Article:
This post goes out to my boy Ben Fritz from Variety. He caught flack on Monday for panning Super Mario Galaxy in his review saying the game “looks old fashioned and lifeless” when compared to PS3 graphics. Aside from dismissing the fact that Nintendo has long since marginalized the importance of HD graphics, I don’t think Ben was following my guide to playing Super Mario Galaxy in a post-HD world:
- Buy an HDTV. Many households already have one of these in their home. I’m 99.9% sure Ben was playing Galaxy on one of these beauties. They range from $500-2000 for a 32″ model.
- Use component cables. Doing this will afford you the ability to enable Enhanced Definition video (480p) on your Wii. It’s not HD, but it’s far from being SD. I give Ben a 50/50 chance that he used one of these as they sadly DO NOT come standard with Wii.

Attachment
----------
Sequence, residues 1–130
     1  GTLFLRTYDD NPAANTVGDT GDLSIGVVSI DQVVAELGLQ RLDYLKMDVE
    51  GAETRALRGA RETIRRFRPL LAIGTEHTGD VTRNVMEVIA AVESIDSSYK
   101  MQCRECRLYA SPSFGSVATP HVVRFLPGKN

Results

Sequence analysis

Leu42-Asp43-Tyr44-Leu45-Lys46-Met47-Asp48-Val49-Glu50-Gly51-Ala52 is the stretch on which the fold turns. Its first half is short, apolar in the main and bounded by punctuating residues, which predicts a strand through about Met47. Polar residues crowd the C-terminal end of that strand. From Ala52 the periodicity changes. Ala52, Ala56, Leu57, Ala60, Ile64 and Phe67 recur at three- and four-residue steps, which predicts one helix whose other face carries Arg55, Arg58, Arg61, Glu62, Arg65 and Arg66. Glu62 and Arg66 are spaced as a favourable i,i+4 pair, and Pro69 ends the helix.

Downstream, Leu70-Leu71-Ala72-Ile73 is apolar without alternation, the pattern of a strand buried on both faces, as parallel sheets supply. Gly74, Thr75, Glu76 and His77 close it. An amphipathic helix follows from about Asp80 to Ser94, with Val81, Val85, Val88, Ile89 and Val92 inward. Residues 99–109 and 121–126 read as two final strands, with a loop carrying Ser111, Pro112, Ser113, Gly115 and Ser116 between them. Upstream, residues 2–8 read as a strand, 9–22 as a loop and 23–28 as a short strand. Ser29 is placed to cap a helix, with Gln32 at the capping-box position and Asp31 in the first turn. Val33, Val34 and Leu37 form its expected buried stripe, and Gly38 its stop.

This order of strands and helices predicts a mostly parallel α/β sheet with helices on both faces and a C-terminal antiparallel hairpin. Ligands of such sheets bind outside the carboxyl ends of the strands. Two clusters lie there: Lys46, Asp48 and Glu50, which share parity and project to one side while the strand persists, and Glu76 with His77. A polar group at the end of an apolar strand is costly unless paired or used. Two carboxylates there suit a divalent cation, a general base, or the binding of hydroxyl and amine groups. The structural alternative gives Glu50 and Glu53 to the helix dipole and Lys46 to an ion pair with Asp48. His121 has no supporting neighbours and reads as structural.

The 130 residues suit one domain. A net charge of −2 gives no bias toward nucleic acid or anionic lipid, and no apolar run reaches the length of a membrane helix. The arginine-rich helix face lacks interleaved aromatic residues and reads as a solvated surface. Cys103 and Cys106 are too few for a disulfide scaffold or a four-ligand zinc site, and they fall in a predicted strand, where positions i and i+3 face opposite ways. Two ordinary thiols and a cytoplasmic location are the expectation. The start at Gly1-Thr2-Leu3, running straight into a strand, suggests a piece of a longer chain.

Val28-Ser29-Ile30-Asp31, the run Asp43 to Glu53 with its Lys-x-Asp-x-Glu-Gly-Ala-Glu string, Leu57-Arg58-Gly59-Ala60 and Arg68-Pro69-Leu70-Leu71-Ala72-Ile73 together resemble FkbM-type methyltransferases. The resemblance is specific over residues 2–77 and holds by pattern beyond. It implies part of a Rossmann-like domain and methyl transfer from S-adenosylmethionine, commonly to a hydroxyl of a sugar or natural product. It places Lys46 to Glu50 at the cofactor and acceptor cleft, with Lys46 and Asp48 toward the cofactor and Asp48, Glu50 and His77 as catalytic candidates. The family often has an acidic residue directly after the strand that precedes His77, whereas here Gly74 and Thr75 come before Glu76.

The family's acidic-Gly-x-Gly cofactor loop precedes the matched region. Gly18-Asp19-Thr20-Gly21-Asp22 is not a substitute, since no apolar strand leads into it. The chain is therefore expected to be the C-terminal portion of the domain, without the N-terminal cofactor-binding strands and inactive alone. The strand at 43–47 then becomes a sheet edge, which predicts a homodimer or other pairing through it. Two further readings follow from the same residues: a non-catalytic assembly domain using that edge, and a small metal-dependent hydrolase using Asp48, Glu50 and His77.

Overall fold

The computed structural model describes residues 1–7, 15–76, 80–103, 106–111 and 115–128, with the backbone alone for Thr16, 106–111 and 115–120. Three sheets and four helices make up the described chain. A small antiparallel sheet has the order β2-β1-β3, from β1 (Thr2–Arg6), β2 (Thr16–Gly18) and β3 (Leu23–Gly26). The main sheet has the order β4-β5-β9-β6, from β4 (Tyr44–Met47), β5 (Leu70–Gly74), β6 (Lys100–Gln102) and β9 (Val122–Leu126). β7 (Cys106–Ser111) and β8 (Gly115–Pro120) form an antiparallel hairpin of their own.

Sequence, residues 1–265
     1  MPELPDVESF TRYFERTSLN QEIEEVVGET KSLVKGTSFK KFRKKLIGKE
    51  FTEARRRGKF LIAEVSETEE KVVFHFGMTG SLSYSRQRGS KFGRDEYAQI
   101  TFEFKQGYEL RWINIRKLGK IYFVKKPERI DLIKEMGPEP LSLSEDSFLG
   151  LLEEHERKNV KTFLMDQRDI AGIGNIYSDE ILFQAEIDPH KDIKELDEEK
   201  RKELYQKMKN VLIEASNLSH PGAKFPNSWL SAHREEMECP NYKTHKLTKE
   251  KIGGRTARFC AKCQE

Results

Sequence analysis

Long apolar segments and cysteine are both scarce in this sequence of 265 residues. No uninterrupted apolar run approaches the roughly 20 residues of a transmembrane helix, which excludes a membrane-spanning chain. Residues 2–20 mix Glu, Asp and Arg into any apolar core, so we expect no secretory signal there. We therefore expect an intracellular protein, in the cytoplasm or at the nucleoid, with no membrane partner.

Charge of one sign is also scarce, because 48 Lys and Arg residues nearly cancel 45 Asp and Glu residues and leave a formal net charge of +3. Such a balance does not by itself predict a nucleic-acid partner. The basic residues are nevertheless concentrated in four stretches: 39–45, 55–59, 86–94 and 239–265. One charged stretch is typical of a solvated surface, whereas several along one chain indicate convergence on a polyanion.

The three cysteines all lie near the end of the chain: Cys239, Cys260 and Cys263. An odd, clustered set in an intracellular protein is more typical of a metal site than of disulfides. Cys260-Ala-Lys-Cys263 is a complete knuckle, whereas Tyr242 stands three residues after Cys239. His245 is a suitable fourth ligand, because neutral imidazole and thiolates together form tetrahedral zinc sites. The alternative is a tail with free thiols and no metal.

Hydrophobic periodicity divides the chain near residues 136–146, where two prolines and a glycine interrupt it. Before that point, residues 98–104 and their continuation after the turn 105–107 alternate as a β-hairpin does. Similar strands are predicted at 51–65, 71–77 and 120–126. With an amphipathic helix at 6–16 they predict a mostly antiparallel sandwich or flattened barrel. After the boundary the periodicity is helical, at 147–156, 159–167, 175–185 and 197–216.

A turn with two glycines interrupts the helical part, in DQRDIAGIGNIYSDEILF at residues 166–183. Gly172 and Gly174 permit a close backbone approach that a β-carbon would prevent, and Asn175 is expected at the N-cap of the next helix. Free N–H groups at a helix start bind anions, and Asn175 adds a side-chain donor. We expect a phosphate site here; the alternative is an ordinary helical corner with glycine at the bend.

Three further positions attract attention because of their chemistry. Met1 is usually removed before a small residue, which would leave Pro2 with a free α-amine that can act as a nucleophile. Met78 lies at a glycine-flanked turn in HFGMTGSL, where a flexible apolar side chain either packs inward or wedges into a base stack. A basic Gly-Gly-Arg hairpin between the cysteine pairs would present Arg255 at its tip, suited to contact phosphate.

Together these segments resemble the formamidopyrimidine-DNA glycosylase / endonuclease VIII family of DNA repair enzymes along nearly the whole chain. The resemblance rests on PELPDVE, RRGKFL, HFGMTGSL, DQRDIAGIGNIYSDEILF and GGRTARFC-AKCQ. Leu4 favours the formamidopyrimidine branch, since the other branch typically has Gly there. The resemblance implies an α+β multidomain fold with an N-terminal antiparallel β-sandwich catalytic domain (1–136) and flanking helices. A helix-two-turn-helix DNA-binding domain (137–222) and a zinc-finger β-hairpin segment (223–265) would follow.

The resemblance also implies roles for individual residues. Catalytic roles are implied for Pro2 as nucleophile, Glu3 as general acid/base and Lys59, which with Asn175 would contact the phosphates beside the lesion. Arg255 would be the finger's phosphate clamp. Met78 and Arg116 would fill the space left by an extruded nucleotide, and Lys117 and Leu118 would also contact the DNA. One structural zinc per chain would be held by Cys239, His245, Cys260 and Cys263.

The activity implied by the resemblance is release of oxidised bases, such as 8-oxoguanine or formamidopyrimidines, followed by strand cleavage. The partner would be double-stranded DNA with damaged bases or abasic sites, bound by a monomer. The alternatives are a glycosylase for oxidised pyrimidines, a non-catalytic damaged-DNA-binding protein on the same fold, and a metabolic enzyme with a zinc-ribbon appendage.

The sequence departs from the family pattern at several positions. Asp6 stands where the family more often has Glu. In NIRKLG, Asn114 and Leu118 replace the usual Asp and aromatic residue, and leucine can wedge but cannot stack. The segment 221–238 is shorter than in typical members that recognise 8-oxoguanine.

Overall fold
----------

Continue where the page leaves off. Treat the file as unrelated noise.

- Sit at least 8 ft away from you TV. This is an important one. Sitting closer than 8 feet while playing Galaxy (depending on the size of your HDTV) will result in undesirous “jaggies” and graphics degradation. The Queen Bee’s furry abdomen looks convincing from five 1/3 cubits — not so much at four. I’m 99.9% sure that Ben didn’t follow this step in his review habitat. Big no-no.
I watch Blu-ray movies regularly on the same LCD that I play Galaxy on. The same goes for the gorgeous and realistic looking visuals of both my PS3 and Xbox 360. But in following the above three steps, you’ll wonder if a little gnome didn’t sneak into your house and duct tape two additional GameCubes to your jerry-rig of a Wii.
“But Blake — how did Nintendo pull this off when we know Wii pales in comparison to its technical superior competitors?” you ask.
Easy. Knowing Wii’s limitations, it’s apparent that Nintendo used the smaller planet levels to their advantage. By doing so, they were able to achieve persuasive lighting, shadowing, and blur effects in addition to the voluminous bosses and ornate deco that would have otherwise been impossible for lifelike sprawling environments commonly found in PS3 and 360 games. Necessity is the mother of invention.